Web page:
This book reminds me of a visit some years ago to Ravello, Italy. I'll never forget visiting a garden that featured an enormous tree absolutely covered in yellow roses hanging down in great looping chains off the branches. Sadly it was back in the day before cellphone cameras, so I do not have a photo of it. But as rose grower and author David Austin notes in the introduction to his book, Climbing and Rambler Roses (Antique Collectors Club Dist., 2016), "Strong Ramblers may be encouraged to grow into trees, from which their flowers will hang down in festoons; others may be allowed to clamber over shrubs and hedges."
He also notes that you don't just have to settle for the occasional hybrid tea or shrub rose because you like the scent or want one for the cutting garden. "The rose is the most adaptable of flowers," he says, "in fact it's hard to think of a more useful garden plant. There really does seems to be a rose for every part of the garden."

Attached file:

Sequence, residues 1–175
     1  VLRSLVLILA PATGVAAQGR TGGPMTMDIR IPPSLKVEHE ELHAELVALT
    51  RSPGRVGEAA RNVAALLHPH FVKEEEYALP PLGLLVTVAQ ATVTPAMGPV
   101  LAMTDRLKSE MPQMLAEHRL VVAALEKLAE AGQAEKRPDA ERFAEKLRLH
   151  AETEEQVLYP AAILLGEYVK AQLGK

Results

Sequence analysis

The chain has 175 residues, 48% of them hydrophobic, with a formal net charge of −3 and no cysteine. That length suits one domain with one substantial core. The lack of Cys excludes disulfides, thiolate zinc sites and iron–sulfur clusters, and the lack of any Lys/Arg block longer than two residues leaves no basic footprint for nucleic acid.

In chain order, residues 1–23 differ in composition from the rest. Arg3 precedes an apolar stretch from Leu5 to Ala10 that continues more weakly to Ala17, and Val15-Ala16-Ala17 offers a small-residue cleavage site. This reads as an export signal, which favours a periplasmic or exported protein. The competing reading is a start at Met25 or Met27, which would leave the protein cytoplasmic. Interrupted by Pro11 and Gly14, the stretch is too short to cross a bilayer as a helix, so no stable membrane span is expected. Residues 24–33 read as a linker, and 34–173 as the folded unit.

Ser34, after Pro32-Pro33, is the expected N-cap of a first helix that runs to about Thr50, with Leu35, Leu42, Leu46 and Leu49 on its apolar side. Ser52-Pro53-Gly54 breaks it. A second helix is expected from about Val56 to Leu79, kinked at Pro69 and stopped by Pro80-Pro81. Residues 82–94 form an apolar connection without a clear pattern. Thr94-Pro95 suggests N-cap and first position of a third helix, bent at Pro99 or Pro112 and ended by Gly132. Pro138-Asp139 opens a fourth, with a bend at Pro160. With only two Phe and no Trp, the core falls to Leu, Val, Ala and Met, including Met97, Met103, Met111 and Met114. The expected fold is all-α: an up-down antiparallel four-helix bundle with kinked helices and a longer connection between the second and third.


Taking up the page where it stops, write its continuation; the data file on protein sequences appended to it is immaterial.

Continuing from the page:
In the pages that follow, there are brief descriptions of very familiar roses and many others you've never encountered before. And if you've wondered about the difference between Noisettes, Old Climbers, Modern Climbers, Climbing Species Roses, Wichurana and Multiflora Hybrids, you'll find it all here.
Who wouldn't be entranced by Hume's Blush China, with long, pale pink petals, a tea fragrance, and blooms that extend over a long season. It was brought to England in 1809 from Canton, China, -- thought to be extinct by the early part of the 20th century -- but found again in Bermuda and in a village garden in Pingwu, Sichuan. That's the great thing about roses .... they really do last forever.
Anyone who likes roses will appreciate the great photos in the book and the rose wisdom passed on by one of the world's most prominent growers.